Last month, we had the wonderful opportunity to speak about Brass for Africa with their founder, Jim Trott. Over the next few months, we’ll be publishing parts of this conversation, which we hope will be of interest to our BBICO News readers. If you would like to find out more about Brass for Africa, please visit their website here.
Hi Jim! Thank you so much for taking the time to speak with me this morning, it would be great if you could briefly introduce yourself to our BBICO News readers.
My name is Jim Trott. I’m the founder and the executive director (or CEO as they call me in Africa) of Brass for Africa, a UK registered charity operating in Sub-Saharan Africa, mainly in Uganda, Rwanda and Liberia.
Fantastic. thank you very much for that. And do you have a musical background that you can tell us a little bit about, Jim?
Well, I’m an amateur musician. I’ve played music since about the age of seven. Piano is probably my first love really. I picked up trumpet around about 13 and I played it till I left school at 18. I then went off into my professional career and dropped it for some time, it was actually having my own children that got me to pick up the trumpet again. As you’ll find out, this is how I ended up with a charity based around brass band music. So, my musical background is purely amateur, but it’s something I have a passion for. It’s what makes me tick.
It’s great to get a better understanding of where the musical link comes from, thanks Jim. I understand that Brass for Africa has been around for just over 10 years now, is that right?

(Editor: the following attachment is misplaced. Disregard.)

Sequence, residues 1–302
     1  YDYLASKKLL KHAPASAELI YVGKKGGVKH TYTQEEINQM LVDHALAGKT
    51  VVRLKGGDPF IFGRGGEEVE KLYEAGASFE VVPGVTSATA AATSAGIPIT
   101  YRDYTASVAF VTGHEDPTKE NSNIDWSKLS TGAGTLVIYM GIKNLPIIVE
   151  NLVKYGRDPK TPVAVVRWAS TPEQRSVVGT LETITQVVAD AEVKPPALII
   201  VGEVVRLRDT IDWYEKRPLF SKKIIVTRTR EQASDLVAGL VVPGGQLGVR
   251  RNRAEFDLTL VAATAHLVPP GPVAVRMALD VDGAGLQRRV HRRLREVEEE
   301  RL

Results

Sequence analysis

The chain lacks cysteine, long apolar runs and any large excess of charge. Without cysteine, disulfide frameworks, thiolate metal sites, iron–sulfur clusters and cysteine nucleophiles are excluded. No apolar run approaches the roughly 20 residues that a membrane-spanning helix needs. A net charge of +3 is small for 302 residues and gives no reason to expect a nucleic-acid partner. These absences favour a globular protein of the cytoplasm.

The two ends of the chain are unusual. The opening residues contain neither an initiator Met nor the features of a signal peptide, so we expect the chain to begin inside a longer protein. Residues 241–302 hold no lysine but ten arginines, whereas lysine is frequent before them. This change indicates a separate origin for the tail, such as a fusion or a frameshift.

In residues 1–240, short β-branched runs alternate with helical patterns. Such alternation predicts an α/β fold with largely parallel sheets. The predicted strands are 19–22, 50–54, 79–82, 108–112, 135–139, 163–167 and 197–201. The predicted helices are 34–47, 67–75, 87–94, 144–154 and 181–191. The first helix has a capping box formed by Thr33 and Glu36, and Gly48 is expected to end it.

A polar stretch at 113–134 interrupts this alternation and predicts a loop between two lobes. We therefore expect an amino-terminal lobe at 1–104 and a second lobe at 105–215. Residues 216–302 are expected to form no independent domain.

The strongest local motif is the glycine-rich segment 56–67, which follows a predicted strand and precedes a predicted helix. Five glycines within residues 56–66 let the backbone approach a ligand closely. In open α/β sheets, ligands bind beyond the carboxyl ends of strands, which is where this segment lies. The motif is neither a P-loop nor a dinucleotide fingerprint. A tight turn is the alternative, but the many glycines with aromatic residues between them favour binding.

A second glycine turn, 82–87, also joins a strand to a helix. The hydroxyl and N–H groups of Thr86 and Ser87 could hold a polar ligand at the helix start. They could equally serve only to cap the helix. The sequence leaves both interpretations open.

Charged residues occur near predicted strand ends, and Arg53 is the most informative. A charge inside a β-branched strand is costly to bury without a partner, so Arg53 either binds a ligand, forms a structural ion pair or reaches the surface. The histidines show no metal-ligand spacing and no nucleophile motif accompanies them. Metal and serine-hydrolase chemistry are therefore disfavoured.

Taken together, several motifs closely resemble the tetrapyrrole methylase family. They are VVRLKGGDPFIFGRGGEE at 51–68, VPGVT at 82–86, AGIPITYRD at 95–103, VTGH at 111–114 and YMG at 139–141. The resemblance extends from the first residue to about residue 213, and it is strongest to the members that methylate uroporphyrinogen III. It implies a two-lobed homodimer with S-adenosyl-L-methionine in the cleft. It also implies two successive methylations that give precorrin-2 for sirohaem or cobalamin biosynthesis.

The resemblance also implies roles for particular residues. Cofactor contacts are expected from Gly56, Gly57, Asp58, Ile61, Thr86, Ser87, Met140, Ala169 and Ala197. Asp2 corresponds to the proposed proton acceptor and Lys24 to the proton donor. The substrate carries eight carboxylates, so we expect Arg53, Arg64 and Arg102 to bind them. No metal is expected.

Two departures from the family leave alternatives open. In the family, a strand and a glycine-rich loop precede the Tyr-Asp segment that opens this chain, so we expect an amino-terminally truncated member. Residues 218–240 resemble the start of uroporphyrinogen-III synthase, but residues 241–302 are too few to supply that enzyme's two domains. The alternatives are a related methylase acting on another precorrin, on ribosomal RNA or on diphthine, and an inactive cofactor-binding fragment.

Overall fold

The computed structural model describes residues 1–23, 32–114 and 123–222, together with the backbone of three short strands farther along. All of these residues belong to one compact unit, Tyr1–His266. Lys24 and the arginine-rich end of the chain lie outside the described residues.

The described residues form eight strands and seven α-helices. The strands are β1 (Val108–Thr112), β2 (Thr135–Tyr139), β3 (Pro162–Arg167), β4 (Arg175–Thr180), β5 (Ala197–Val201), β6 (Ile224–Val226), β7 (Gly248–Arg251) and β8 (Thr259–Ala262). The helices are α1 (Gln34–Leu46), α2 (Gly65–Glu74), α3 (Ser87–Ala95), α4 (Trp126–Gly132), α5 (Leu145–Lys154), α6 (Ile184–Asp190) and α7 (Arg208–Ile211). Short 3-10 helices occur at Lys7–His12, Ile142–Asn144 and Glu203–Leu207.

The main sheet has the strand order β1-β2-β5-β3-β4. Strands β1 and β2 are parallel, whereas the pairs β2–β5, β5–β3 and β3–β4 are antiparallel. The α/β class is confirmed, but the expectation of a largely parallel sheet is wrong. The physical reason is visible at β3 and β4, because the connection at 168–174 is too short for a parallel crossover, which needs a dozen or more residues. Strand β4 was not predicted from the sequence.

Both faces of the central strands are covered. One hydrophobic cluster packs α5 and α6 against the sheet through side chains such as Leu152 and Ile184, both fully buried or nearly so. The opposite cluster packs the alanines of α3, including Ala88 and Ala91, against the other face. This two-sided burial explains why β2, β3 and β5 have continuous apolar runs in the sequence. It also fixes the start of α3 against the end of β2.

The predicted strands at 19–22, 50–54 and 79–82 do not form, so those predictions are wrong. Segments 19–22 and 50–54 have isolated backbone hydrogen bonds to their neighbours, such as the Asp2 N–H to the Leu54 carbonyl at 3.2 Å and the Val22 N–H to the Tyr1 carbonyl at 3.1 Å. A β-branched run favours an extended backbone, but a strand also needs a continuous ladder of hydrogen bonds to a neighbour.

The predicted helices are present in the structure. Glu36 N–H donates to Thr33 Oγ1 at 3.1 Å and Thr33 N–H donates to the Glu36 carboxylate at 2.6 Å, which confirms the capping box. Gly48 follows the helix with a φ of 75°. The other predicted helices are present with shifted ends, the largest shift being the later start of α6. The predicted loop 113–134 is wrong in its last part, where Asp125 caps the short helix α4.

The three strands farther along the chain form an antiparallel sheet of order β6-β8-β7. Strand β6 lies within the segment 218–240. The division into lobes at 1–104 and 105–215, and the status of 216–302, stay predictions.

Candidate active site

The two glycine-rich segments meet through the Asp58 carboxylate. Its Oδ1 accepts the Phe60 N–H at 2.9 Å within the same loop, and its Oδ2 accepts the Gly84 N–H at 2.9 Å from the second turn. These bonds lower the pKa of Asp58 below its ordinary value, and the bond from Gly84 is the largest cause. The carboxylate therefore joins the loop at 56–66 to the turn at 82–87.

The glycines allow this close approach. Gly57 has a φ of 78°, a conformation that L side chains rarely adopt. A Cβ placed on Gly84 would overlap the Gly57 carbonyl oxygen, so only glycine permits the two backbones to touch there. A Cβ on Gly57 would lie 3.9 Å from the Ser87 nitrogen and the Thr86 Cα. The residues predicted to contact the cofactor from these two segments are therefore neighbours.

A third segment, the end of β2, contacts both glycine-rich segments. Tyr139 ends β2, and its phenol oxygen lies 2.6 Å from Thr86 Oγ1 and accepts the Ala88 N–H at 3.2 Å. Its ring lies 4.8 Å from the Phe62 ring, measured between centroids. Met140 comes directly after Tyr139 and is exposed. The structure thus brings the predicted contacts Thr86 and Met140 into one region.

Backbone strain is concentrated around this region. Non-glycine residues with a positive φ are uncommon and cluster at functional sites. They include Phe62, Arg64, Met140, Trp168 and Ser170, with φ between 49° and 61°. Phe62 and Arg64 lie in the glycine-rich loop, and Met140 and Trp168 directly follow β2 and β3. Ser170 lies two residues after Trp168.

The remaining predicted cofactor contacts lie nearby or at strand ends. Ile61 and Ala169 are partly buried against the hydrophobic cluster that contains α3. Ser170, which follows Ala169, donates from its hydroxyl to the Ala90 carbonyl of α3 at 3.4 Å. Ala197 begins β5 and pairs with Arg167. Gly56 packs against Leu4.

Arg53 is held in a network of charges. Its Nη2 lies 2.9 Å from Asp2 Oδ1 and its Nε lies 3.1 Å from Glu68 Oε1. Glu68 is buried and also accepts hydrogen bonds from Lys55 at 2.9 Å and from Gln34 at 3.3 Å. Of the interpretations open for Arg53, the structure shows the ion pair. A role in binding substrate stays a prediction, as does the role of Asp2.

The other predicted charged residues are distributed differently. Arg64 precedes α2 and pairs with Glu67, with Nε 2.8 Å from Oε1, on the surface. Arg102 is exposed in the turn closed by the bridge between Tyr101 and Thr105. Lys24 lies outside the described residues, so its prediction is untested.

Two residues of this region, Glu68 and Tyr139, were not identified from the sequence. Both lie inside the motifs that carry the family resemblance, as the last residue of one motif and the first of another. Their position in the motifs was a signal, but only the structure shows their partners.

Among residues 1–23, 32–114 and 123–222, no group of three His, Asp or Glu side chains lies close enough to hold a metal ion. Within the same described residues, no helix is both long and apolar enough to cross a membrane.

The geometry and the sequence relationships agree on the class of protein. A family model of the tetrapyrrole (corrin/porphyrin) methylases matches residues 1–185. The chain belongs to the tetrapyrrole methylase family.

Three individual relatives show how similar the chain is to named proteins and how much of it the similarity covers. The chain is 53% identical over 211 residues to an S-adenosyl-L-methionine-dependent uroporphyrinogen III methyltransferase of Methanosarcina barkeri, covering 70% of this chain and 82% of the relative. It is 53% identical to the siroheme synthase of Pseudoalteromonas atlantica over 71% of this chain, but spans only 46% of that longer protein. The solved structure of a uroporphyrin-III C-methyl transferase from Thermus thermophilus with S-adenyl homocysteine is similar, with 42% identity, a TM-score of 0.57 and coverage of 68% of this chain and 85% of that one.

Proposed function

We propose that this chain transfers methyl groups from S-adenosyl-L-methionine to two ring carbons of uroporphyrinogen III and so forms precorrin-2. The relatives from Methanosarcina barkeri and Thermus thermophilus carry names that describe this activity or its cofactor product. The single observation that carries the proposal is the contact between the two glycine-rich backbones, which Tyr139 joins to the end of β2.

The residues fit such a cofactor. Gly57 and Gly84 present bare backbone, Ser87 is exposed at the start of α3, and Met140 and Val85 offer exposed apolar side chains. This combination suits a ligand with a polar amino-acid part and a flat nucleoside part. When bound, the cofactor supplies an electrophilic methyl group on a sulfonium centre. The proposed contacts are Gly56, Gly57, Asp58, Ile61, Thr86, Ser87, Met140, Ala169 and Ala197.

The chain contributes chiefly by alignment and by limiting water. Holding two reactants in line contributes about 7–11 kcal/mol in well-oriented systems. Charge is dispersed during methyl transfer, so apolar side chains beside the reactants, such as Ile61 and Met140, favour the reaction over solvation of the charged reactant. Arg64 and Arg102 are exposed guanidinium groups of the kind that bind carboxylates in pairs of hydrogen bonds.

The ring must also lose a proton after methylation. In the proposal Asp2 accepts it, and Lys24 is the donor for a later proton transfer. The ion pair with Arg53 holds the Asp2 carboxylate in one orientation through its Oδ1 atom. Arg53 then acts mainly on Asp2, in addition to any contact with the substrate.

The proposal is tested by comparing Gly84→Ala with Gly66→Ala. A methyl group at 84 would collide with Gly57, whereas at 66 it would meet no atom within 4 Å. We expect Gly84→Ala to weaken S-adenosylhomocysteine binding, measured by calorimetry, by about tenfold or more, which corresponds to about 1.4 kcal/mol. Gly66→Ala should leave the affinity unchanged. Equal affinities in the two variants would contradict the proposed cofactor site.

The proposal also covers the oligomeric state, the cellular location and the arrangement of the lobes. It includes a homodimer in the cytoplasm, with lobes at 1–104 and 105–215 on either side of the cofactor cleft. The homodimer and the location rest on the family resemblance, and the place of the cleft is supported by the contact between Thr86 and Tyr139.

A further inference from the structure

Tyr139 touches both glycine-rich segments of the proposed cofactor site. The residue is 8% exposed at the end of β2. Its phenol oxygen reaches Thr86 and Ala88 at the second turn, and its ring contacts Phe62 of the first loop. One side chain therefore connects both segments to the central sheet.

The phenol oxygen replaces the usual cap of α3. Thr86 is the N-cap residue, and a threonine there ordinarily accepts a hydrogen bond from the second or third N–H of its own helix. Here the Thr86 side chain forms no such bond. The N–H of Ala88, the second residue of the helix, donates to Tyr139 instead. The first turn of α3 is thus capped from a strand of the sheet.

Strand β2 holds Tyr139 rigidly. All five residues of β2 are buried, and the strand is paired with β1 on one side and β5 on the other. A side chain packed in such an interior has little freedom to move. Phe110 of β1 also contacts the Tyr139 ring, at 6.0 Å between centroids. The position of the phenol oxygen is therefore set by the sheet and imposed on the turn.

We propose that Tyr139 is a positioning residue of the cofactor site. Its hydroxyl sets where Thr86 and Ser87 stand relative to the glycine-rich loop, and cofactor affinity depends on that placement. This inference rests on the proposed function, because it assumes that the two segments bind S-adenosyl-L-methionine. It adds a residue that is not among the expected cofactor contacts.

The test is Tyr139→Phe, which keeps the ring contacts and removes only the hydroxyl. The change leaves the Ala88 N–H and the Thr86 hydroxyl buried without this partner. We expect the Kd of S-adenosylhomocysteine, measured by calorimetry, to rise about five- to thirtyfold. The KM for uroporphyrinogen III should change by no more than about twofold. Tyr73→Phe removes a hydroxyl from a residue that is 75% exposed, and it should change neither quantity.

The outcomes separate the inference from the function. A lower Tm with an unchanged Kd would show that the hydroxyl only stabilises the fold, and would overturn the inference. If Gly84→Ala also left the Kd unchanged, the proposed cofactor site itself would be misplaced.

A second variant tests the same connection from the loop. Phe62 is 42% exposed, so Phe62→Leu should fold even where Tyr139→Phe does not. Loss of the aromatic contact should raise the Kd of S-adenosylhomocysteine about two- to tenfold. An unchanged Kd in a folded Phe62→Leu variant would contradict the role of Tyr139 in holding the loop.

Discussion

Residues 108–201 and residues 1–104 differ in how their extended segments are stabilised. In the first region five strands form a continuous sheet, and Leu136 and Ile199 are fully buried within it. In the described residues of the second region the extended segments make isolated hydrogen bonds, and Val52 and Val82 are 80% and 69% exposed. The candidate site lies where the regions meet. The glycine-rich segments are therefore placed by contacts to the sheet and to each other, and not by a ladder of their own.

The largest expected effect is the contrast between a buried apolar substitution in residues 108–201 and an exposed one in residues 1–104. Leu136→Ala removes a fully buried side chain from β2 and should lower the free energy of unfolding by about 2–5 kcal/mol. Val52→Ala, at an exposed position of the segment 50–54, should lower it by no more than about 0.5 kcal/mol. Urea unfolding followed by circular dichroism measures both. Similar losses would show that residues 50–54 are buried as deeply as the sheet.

We sent the first instruments out in 2009. In fact, we had our 10th anniversary in December 2019. So yes, we’re into our second decade of operation now!
It would be really interesting to hear about the initial inspiration for setting up the charity 11 years ago…
Actually, I didn’t plan to set up a music-based charity, but it happened as a function of what was going on in my life at the time. I’m pilot by profession and I have done that all my working life, 32 years or so. I’ve lived and worked in Africa as a helicopter pilot early in my career, and then as an airline pilot I found myself flying to Africa quite regularly. So, I had friends and a lot of experience working and living in Africa.
Then I had young children and a young son who was playing in a brass band with Berkshire Maestros. When he was quite young, his junior band were looking to get rid of 30 old, tarnished, dented instruments. They’d been around for a long time and were not of use to them any longer. The instruments were going to get thrown out. At the time I was operating quite regularly to Uganda, so I said; “Don’t throw them out, let me see if I can get another use for those instruments”. On my next trip, I asked around and found out that we could get those instruments out there and find a use for them.
I went about raising some funds in the community band I was playing in, so we could ship the instruments out. We put them into a place called the Good Shepherd Home, which houses a lot of orphans and street children, as well as elderly and disabled people in the community. We sent the instruments there and basically I thought that was it.